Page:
Featured Article from Conferencing

Video Conferencing Facilities to Improve in India

July 24, 2017

I think it’s safe to say at this point that India may be one of conferencing’s biggest proponents. The country is constantly looking for new and inventive ways to implementing conferencing into its operations, whether in the courtroom, doctor’s office, classroom or beyond.

One of the biggest use cases for video conferencing in India is in the courtroom. As of December 31, 2014, there were 1387 functioning jails in India, which could house a total of 356,561 prisoners. However, at that time, there were actually 418,536 inmates in jails across the country. Since that time, those numbers have presumably gone up.

Unfortunately, a good majority of those inmates have a difficult time getting to their court hearings because of the lack of officers available to take them. Prisoners obviously can’t leave unescorted, but there just aren’t enough policemen available to bring them to hearings. As a result, hearings are often delays for months, even years, adding to the number of inmates.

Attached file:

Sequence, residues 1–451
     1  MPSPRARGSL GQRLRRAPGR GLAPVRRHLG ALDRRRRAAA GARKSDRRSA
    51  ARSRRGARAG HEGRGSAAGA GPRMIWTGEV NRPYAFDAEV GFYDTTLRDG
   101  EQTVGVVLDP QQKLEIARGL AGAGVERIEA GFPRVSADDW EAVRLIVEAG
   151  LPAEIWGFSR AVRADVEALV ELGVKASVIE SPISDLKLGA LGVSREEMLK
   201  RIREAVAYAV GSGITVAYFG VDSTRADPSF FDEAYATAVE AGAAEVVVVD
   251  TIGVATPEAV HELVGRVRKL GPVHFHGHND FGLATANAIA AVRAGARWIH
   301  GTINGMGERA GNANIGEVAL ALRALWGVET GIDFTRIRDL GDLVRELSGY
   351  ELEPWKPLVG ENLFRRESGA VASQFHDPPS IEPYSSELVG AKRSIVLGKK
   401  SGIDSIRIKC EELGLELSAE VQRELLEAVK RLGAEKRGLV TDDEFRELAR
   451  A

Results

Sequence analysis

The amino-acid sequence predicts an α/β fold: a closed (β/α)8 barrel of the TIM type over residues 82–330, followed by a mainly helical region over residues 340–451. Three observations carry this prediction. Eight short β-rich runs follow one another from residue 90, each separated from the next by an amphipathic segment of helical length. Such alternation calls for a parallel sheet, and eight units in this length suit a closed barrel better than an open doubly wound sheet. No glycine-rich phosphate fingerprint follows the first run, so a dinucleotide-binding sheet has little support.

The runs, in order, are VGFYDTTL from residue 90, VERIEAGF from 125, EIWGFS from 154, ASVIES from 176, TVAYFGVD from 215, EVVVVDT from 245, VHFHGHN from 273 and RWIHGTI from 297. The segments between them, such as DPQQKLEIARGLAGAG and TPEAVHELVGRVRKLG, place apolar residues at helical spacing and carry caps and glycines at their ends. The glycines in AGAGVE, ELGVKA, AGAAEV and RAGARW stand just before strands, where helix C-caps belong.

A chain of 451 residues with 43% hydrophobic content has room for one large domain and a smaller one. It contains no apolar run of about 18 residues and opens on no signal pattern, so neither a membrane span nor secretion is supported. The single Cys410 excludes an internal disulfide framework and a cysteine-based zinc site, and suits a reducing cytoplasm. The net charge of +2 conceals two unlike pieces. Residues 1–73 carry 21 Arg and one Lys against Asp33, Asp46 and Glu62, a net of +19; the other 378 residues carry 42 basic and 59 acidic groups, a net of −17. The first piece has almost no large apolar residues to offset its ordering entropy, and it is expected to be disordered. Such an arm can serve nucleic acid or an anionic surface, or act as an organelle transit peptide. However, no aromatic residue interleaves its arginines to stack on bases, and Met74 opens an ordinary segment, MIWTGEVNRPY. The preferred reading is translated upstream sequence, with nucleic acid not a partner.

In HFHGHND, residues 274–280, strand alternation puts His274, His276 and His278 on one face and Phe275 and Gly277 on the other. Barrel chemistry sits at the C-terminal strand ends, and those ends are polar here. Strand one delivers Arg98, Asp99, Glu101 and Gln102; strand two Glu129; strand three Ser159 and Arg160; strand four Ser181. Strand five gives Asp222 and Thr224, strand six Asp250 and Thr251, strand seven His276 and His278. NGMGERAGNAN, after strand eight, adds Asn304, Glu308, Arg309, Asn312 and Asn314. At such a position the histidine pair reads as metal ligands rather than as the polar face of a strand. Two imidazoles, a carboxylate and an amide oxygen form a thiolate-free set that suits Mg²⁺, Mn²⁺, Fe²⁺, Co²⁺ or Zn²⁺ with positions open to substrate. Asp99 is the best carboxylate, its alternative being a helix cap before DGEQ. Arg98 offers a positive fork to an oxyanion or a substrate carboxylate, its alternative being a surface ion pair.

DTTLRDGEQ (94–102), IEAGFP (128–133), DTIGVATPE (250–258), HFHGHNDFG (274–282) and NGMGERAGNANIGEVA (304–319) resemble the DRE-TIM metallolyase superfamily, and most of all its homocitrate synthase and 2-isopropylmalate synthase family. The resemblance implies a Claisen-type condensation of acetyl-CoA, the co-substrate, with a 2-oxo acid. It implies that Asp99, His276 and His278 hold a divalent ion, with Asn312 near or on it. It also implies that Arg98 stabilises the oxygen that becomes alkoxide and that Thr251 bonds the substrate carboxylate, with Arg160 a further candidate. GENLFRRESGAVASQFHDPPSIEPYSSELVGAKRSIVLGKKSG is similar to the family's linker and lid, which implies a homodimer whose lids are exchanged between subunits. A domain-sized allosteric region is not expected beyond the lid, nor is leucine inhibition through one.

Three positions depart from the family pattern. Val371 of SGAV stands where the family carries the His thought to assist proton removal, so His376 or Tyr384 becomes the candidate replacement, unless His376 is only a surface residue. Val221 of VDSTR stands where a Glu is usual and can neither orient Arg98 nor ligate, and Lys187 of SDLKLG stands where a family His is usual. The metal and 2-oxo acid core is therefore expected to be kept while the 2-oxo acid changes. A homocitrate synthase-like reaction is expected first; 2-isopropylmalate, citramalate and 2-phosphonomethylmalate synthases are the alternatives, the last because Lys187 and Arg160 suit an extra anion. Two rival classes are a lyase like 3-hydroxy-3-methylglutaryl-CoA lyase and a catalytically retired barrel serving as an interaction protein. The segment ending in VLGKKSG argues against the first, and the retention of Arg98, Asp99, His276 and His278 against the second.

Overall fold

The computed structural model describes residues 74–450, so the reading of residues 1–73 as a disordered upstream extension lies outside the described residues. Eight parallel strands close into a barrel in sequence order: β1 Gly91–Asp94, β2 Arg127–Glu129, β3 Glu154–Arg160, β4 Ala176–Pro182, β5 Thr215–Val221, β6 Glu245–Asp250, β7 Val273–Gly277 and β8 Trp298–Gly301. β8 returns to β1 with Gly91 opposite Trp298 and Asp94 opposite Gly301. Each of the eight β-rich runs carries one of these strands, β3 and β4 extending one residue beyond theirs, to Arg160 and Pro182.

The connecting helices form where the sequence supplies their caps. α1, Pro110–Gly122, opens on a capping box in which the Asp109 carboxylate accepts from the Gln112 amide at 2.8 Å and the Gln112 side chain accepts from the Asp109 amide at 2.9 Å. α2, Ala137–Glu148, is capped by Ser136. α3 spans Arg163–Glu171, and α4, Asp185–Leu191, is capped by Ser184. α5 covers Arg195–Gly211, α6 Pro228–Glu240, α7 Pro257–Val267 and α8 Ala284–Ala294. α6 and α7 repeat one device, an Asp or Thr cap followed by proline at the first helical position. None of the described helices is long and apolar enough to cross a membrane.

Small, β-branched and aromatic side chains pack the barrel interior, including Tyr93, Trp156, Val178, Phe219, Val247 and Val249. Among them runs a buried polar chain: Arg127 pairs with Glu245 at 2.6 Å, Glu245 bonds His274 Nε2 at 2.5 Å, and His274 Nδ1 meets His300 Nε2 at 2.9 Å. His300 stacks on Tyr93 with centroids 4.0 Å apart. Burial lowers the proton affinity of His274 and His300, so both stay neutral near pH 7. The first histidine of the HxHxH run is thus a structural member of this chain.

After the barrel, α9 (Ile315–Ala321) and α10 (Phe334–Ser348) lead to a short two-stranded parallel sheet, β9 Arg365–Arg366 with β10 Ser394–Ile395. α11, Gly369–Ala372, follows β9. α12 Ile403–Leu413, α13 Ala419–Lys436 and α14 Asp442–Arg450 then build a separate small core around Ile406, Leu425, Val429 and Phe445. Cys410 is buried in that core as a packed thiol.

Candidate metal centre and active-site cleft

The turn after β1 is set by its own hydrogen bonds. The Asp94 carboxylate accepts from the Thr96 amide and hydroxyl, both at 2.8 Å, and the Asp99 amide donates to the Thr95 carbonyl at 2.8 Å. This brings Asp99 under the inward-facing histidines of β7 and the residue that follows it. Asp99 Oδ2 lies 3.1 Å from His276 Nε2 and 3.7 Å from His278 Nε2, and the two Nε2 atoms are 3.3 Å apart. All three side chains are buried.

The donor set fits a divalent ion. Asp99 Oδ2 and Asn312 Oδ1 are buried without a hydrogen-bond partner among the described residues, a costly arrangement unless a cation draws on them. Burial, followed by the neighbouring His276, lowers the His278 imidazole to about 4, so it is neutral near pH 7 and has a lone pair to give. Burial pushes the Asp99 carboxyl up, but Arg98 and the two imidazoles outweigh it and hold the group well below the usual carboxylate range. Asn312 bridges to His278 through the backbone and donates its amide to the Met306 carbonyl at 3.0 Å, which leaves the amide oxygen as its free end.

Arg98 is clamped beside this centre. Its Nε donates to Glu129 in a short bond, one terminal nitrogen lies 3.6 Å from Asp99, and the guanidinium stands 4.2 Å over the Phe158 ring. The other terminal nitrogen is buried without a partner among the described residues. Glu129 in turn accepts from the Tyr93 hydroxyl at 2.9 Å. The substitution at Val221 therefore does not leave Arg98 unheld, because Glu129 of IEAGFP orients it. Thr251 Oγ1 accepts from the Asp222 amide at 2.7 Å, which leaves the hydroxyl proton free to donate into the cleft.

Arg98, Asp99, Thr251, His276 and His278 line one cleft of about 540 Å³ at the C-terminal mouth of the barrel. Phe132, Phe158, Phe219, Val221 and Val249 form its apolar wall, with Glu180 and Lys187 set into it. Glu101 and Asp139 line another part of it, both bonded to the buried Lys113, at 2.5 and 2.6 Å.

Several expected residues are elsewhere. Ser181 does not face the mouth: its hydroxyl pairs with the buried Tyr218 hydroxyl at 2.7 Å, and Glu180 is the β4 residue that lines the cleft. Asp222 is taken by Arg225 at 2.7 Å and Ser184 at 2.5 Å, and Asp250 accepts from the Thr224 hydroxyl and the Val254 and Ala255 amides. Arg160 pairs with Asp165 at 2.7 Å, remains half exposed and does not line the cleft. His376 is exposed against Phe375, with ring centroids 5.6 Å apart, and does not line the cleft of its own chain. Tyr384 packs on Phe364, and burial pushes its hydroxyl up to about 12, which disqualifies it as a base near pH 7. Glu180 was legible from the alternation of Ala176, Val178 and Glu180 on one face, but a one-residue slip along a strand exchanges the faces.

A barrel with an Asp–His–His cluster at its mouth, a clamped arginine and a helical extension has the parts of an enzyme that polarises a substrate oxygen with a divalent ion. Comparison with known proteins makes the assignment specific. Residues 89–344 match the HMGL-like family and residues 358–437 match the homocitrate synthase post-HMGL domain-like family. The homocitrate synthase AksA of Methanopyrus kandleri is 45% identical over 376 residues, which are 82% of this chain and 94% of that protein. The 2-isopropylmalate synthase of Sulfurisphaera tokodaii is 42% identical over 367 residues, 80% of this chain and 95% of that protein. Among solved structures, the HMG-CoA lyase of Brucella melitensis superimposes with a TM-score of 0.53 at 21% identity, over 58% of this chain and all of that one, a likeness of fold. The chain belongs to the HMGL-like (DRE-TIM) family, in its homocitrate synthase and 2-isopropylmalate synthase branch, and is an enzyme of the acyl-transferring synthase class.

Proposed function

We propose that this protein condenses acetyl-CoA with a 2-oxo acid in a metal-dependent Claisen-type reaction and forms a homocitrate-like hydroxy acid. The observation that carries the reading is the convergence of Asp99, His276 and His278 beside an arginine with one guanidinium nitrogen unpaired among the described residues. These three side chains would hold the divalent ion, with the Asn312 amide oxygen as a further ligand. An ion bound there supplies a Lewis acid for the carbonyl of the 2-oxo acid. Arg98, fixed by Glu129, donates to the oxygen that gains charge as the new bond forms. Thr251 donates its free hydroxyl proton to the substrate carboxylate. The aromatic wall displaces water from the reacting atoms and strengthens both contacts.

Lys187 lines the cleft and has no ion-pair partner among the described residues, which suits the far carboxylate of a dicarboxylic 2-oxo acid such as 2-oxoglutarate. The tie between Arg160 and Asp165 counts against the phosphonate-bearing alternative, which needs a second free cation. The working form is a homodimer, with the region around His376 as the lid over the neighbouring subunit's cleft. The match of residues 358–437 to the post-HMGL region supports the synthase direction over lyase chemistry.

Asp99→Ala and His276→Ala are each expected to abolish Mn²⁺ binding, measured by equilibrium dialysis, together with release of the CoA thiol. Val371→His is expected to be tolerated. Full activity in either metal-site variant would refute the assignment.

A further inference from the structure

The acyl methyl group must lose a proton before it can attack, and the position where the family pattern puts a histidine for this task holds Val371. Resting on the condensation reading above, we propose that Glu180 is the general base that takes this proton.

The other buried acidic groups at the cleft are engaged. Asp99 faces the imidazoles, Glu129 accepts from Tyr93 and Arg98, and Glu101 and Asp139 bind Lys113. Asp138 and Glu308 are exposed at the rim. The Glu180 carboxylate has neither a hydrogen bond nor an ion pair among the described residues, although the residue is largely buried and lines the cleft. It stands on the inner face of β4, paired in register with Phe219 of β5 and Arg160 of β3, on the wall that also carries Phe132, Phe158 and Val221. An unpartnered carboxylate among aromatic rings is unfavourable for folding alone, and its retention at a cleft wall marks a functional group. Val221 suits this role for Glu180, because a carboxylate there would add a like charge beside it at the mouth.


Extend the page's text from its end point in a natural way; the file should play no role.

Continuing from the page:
As a staff reporter for The Hitavada writes, “The High Court was hearing a PIL filed by Dr Shoma Sen demanding immediate completion of district prison building at Gadchiroli and fast trial of tribals arrested and kept at Nagpur. Trials of tribals arrested from Naxal-infested Gadchiroli are languishing since enough security force is not available to transport them and high-security prison is under construction, the petitioner had claimed. Due to naxal movement, the prisoners are produced only on the orders of competent court and this often delays the trial for years, the PIL had claimed.”

This overpopulation of prisons and inability to produce inmates for trial is where video conferencing is supposed to come into play. Inmates can testify and speak to lawyers through video conferencing, which allows them to skip the trip to the courtroom altogether. The theory here is that more cases will be tried if prisoners don’t have to physically show up to the hearing.

Now, according to The Hitavada, the government has promised to not only implement many more video conferencing facilities, but to make sure that they’re all up to date and functional. Hopefully using this technology will help India straighten out its criminal justice system once and for all.